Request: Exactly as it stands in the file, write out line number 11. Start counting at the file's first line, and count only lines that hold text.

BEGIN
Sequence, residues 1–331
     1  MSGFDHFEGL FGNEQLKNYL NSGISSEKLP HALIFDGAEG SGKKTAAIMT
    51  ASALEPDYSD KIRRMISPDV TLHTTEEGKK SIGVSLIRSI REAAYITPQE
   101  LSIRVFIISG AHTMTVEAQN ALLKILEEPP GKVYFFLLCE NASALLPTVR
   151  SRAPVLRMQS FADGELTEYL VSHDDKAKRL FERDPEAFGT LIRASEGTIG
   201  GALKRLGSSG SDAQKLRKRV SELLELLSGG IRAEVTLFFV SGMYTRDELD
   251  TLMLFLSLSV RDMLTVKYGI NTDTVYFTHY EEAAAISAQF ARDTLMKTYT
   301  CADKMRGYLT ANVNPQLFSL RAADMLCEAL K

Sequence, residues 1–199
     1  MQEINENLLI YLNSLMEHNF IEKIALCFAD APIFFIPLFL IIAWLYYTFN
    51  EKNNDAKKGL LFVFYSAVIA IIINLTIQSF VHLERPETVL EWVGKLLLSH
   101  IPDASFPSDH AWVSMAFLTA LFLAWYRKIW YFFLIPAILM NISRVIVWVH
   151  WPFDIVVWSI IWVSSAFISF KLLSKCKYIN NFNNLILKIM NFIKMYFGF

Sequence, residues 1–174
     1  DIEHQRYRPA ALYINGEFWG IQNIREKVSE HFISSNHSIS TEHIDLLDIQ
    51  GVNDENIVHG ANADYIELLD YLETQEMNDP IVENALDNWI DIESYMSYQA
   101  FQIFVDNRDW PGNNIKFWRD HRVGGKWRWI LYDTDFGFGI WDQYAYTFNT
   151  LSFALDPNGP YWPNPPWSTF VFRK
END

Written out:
    51  EKNNDAKKGL LFVFYSAVIA IIINLTIQSF VHLERPETVL EWVGKLLLSH